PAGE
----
Be careful to not repeat the same exercise routine each day. If you do an intense ab workout one day, try switching it up to general cardio the next. You can also squeeze in a day of light walking to break up the intensity.

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If you’re a morning person, check out these morning exercises that will start your day off right.

2. Duration Doesn’t Substitute for Intensity

Once you get into the habit of regular exercise, where do you go if you still aren’t reaching your goals? Most people will solve the problem by exercising for longer periods of time, turning forty-minute workouts into two hour stretches. Not only does this drain your time, but it doesn’t work particularly well.

One study shows that “exercising for a whole hour instead of a half does not provide any additional loss in either body weight or fat”[1].

This is great news for both your schedule and your levels of motivation. You’ll likely find it much easier to exercise for 30 minutes a day instead of an hour. In those 30 minutes, do your best to up the intensity to your appropriate edge to get the most out of the time.

3. Acknowledge Your Limits

Many people get frustrated when they plateau in their weight loss or muscle gaining goals as they’re learning how to get in shape. Everyone has an equilibrium and genetic set point where their body wants to remain. This doesn’t mean that you can’t achieve your fitness goals, but don’t be too hard on yourself if you are struggling to lose weight or put on muscle.

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Acknowledging a set point doesn’t mean giving up, but it does mean realizing the obstacles you face.

Expect to hit a plateau in your own fitness results[2]. When you expect a plateau, you can manage around it so you can continue your progress at a more realistic rate. When expectations meet reality, you can avoid dietary crashes.

4. Eat Healthy, Not Just Food That Looks Healthy

Know what you eat. Don’t fuss over minutia like whether you’re getting enough Omega 3’s or tryptophan, but be aware of the big things. Look at the foods you eat regularly and figure out whether they are healthy or not. Don’t get fooled by the deceptively healthy snacks just pretending to be good for you.

The basic nutritional advice includes:

  • Eat unprocessed foods
  • Eat more veggies
  • Use meat as a side dish, not a main course
  • Eat whole grains, not refined grains[3]

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Eat whole grains when you want to learn how to get in shape.

    5. Watch Out for Travel

    Don’t let a four-day holiday interfere with your attempts when you’re learning how to get in shape. I don’t mean that you need to follow your diet and exercise plan without any excursion, but when you are in the first few weeks, still forming habits, be careful that a week long break doesn’t terminate your progress.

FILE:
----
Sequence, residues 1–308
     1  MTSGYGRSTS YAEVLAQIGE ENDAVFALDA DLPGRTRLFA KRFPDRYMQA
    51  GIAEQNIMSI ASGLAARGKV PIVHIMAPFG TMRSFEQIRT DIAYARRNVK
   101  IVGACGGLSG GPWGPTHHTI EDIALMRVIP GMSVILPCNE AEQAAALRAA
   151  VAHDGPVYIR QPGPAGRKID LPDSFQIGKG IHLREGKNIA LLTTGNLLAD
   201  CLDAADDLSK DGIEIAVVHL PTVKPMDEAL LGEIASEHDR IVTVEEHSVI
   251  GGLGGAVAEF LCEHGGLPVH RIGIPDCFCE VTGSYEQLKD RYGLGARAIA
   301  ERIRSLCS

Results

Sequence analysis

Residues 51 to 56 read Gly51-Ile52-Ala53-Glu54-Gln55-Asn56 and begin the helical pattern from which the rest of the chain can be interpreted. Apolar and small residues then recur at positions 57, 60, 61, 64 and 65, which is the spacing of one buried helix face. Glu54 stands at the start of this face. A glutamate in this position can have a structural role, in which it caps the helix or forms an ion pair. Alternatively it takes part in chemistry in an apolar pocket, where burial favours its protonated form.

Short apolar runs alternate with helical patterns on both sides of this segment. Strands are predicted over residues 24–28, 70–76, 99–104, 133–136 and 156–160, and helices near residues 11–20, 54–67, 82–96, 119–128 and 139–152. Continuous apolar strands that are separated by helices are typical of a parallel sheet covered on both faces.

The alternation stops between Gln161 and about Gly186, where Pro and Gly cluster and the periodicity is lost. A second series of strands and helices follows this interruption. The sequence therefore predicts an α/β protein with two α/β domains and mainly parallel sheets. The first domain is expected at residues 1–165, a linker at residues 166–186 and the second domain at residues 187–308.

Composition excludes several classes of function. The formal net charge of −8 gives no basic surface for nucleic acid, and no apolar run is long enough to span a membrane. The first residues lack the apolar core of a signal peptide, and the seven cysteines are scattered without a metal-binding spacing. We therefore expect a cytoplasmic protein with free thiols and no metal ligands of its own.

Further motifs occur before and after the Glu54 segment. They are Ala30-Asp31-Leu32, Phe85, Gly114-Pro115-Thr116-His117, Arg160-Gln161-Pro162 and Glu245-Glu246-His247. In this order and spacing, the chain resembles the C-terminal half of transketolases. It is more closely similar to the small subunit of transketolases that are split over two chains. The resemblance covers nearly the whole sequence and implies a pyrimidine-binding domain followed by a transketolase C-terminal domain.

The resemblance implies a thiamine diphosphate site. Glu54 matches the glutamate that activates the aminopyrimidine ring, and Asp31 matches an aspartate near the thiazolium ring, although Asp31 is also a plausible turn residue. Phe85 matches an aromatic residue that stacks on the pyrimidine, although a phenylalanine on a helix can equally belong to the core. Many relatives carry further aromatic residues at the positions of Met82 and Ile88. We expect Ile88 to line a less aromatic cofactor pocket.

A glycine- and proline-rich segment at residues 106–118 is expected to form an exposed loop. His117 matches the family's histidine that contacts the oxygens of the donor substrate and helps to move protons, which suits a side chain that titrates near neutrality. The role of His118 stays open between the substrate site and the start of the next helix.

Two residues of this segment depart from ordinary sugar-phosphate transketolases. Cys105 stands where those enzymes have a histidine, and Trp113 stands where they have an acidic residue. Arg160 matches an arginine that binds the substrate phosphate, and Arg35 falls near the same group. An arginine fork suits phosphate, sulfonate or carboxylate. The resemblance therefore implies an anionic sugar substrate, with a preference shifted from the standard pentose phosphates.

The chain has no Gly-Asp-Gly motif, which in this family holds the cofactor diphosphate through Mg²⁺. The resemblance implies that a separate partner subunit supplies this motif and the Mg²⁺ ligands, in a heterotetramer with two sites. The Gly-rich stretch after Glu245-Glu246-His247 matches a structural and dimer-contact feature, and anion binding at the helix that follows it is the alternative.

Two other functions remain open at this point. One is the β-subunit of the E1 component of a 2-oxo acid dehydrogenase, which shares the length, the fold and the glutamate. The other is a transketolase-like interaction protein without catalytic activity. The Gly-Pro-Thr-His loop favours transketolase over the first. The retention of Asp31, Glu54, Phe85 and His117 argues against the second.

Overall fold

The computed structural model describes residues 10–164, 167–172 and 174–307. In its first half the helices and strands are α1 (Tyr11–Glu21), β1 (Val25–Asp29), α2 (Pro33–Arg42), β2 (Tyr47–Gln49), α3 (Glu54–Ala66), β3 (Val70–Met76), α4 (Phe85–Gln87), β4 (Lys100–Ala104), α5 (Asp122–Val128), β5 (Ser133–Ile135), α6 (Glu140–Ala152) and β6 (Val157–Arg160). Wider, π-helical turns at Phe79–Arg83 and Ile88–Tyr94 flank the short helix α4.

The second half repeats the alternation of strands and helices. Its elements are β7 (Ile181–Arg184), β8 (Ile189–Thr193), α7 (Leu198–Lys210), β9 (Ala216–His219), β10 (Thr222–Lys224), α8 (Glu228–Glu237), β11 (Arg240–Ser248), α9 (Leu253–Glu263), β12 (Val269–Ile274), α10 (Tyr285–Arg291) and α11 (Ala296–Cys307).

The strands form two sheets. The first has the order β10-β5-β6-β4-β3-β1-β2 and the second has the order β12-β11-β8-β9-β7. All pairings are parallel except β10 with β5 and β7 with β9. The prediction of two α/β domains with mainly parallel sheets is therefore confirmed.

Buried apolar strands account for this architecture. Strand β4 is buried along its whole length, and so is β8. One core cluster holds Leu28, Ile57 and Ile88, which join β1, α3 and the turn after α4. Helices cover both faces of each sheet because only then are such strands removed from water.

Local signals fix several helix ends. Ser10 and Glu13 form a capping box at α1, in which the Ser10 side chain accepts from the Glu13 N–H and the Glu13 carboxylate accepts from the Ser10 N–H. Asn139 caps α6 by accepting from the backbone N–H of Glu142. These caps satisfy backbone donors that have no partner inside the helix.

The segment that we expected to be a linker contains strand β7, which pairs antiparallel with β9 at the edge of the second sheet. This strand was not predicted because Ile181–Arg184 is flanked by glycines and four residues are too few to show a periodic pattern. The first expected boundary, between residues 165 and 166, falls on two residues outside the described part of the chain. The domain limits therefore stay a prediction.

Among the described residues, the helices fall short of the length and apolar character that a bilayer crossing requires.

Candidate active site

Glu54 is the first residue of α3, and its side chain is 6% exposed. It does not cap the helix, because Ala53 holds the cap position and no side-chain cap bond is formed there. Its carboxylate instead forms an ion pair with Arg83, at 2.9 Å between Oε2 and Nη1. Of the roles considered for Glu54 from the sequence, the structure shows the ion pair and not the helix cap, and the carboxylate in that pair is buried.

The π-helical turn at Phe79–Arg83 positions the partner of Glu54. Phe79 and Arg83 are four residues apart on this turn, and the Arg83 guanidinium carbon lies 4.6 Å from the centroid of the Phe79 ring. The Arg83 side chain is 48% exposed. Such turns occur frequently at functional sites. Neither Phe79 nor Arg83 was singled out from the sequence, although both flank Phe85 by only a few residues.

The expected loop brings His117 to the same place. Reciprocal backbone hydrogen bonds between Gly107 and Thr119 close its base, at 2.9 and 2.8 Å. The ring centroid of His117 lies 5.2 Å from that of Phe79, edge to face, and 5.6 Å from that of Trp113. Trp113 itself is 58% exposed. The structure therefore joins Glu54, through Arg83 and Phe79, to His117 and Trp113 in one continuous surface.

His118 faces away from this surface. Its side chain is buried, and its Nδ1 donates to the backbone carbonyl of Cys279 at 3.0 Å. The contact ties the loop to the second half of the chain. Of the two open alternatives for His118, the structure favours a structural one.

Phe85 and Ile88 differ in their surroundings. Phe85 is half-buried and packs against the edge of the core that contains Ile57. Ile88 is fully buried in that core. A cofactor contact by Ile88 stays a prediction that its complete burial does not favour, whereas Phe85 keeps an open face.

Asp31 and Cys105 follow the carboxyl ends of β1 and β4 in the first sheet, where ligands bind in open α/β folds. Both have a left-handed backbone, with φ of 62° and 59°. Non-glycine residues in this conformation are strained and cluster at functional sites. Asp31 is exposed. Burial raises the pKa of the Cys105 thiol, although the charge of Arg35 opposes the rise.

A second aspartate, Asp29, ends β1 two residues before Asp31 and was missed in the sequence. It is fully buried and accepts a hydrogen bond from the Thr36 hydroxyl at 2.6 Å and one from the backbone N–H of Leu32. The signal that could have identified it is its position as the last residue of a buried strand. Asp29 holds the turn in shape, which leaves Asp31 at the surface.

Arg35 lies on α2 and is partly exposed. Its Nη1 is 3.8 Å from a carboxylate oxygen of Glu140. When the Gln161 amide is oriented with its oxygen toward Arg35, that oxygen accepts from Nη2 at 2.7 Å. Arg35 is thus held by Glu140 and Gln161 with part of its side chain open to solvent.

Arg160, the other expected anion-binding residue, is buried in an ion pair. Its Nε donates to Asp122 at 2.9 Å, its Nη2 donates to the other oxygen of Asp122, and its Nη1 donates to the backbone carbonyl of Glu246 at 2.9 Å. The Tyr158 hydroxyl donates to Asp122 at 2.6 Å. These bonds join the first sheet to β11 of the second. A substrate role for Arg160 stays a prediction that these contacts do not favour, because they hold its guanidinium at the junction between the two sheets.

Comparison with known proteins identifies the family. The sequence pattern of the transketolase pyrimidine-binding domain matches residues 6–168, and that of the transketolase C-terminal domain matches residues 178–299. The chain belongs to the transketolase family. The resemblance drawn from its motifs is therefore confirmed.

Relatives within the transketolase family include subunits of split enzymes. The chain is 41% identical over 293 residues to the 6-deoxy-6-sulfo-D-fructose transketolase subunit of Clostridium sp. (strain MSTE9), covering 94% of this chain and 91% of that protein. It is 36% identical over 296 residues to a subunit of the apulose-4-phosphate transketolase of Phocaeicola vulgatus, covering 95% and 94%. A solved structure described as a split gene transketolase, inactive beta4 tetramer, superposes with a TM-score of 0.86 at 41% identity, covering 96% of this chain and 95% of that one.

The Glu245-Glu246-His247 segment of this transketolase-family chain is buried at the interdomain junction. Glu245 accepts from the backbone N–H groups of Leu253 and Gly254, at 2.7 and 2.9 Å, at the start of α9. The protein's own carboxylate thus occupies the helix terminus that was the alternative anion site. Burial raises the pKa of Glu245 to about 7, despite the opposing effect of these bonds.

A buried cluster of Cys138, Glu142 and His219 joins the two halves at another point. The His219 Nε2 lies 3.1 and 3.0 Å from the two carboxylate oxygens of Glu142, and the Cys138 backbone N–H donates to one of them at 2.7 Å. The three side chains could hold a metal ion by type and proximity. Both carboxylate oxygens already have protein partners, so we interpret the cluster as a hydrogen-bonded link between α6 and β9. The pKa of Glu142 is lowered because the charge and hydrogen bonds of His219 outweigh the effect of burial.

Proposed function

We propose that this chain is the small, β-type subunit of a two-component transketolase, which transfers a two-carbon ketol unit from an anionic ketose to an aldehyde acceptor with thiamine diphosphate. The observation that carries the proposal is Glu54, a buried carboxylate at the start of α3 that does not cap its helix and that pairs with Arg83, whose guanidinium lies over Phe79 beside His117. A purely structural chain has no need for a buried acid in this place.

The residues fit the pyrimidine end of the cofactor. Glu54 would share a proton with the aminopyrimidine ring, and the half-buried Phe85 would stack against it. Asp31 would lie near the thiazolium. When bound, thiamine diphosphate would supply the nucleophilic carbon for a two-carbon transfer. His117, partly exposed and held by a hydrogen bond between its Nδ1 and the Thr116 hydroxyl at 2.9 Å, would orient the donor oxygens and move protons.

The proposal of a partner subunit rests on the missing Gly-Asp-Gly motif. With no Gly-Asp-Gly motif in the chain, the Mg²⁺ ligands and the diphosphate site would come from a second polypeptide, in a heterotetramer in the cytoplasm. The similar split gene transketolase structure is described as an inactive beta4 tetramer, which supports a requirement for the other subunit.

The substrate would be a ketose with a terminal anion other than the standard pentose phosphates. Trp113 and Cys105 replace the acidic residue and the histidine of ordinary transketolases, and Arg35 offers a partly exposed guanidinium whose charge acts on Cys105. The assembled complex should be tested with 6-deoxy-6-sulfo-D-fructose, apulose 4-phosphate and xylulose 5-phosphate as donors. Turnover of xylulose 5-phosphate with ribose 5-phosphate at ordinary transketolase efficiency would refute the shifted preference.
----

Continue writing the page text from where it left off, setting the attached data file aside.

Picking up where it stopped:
This is also true of schedule changes that leave you suddenly busy or make it difficult to exercise. Have a backup plan so you can be consistent, at least for the first month when you are forming habits.

    If travel is on your schedule and can’t be avoided, make an exercise plan before you go[4], and make sure to pack exercise clothes and an exercise mat as motivation to keep you on track.

    6. Start Slow

    Ever start an exercise plan by running ten miles and then puking your guts out? Maybe you aren’t that extreme, but burnout is common early on when learning how to get in shape. You have a lifetime to be healthy, so don’t try to go from couch potato to athletic superstar in a week.

    If you are starting a running regime, for example, run less than you can to start. Starting strength training? Work with less weight than you could theoretically lift. Increasing intensity and pushing yourself can come later when your body becomes comfortable with regular exercise.

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    7. Be Careful When Choosing a Workout Partner

    Should you have a workout partner? That depends. Workout partners can help you stay motivated and make exercising more fun. But they can also stop you from reaching your goals.

    My suggestion would be to have a workout partner, but when you start to plateau (either in physical ability, weight loss/gain, or overall health) and you haven’t reached your goals, consider mixing things up a bit.

    If you plateau, you may need to make changes to continue improving. In this case it’s important to talk to your workout partner about the changes you want to make, and if they don’t seem motivated to continue, offer a thirty day break where you both try different activities.

    I notice that guys working out together tend to match strength after a brief adjustment phase. Even if both are trying to improve, something seems to stall improvement once they reach a certain point. I found that I was able to lift as much as 30-50% more after taking a short break from my regular workout partner.

    Final Thoughts

    Learning how to get in shape in as little as two weeks sounds daunting, but if you’re motivated and have the time and energy to devote to it, it’s certainly possible.

    Find an exercise routine that works for you, eat healthy, drink lots of water, and watch as the transformation begins.

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    Featured photo credit: Alexander Redl via unsplash.com

    Reference